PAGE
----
Since his indictment on May 25 for “laundering and complicity in organized fraud”, the former president of the Louvre Jean-Luc Martinez has so far been spared by his guardianship. Suspected by the courts of having shown at best negligence, at worst complicity, in the purchase in 2016, by the Louvre Abu Dhabi of a royal stele which turns out to have been looted in Egypt, the curator has kept his post of thematic ambassador. The Ministry of Culture and the Quai d’Orsay have barely set him back on his mission to fight against the illicit trafficking of cultural property.
At the same time, the International Alliance for the Protection of Heritage in Conflict Zones, of which Jean-Luc Martinez was until then chairman of the scientific committee, made a similar decision. “We asked him to stand down until we got more information, and he left his post voluntarily,” says Jean-Claude Gandur, who leads the foundation’s ethics committee. under Swiss law, created in 2017 on the initiative of France and the United Arab Emirates. This collector is nonetheless convinced that the former president of the Louvre “is not a corrupt or light man”. He says it all the more willingly since he was also fooled by the same network of traffickers accused of having sold looted objects with falsified provenance documents to the Louvre Abu Dhabi and to the Metropolitan Museum in New York.
At the heart of this affair, two men: Roben Dib, imprisoned since March in France, and Christophe Kunicki, indicted in 2020. The first, a merchant from Hamburg, associated with a family of dubious antique dealers, the Simonians, supplied objects the auctions that the second organized as an expert at Pierre Bergé
On June 3, the collector filed a criminal complaint against X with the public prosecutor in Geneva for falsification of provenance, adding to this sprawling dossier the name of a new protagonist: the Phoenix Ancient Art gallery, run by the Ali brothers and Hicham Aboutaam. She had bought the Fayoum portrait in 2013 at Bergé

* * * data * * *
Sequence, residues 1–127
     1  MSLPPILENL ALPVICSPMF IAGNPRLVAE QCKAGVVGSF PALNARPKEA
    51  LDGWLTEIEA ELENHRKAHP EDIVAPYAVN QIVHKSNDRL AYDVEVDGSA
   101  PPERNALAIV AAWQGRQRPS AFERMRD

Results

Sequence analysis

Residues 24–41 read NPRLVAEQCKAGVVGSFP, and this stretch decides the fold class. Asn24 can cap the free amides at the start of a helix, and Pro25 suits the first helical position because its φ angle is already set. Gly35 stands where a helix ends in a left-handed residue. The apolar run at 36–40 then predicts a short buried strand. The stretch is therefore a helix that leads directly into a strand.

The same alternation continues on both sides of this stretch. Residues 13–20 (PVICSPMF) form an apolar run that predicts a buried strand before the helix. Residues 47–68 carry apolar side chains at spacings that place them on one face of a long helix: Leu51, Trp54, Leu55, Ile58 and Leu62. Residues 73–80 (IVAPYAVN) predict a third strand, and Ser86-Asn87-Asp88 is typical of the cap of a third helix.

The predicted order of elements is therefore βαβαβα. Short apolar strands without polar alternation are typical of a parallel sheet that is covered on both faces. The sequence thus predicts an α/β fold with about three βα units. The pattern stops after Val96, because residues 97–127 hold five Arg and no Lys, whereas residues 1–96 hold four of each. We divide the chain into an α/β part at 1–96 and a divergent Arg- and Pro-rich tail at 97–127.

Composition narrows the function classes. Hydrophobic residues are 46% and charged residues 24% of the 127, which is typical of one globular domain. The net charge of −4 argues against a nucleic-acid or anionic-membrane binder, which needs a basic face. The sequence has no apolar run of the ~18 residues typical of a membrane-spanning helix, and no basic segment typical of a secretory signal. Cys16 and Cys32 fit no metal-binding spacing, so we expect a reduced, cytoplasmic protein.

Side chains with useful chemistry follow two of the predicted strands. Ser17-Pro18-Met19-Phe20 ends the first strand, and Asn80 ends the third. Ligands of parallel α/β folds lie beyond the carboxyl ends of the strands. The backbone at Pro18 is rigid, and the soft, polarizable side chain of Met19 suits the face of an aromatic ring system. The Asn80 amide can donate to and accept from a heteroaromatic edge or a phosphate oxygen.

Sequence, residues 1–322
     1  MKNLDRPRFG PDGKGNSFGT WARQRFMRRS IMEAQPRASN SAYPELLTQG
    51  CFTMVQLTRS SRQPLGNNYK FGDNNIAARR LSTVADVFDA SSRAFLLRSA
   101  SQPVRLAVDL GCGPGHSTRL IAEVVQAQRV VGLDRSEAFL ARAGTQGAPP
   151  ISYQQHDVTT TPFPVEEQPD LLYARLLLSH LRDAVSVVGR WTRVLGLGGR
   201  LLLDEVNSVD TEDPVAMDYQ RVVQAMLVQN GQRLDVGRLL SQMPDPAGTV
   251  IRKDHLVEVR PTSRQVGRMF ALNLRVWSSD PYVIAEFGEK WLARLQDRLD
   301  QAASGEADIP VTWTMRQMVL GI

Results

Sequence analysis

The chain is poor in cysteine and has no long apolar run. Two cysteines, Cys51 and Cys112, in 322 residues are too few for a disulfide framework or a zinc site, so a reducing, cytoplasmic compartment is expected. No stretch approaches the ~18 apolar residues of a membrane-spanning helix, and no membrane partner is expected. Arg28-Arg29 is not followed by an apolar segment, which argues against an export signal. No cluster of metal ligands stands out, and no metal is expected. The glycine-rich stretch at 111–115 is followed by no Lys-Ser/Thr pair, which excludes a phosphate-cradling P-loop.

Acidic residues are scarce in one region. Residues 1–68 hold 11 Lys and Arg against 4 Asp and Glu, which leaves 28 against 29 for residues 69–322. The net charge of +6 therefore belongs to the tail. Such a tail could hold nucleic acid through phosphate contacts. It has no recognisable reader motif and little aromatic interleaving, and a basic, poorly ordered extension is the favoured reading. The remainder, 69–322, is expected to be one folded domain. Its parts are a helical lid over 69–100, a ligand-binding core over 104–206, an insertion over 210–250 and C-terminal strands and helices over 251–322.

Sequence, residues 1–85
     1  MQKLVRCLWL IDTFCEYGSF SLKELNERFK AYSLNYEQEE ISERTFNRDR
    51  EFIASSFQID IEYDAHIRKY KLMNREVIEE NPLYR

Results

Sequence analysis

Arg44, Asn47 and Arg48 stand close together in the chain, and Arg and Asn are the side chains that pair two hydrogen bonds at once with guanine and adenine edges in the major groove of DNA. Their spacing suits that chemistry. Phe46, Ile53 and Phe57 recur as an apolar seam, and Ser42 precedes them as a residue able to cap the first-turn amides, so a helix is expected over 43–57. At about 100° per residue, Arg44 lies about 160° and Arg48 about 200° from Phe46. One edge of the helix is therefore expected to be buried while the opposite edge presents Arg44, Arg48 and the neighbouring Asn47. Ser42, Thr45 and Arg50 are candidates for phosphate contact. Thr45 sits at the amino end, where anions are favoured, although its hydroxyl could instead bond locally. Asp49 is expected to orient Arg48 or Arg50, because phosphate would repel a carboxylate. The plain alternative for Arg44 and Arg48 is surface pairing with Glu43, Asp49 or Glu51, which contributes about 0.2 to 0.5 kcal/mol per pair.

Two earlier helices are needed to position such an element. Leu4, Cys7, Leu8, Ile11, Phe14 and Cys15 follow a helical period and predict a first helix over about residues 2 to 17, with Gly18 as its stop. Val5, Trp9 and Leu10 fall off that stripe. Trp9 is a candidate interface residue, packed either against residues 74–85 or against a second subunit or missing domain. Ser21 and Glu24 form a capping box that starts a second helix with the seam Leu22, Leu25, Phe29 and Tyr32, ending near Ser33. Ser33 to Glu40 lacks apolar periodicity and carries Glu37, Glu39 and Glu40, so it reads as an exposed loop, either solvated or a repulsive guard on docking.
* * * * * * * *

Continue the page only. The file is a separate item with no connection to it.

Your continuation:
The Aboutaam brothers, on the other hand, have long been in the crosshairs of justice. In December 2003, Hicham Aboutaam was arrested in the United States for having attempted to illegally import an object looted from Iran. The following year, it was the turn of his brother, Ali, to be sentenced in absentia by the Egyptian courts to fifteen years in prison for having helped the smuggler Tarek El-Suesy to smuggle out of the country nearly 300 Egyptian objects, direction Switzerland. His link with Roben Dib appeared in December 2016, when the German merchant was arrested at the border between France and Switzerland for transporting an undeclared antique object, in a car driven by… Ali Aboutaam’s driver.
Showered by this story, Jean-Claude Gandur, who has reduced his purchases of antiques for ten years, has decided to be extra careful. “I will no longer buy objects without having period photos or indisputable deeds,” he says. But such evidence can easily be tampered with. A reality that archaeologist Vincent Michel admits: “The market has become vulnerable, because traffickers mix up the real and the fake to make a provenance credible. »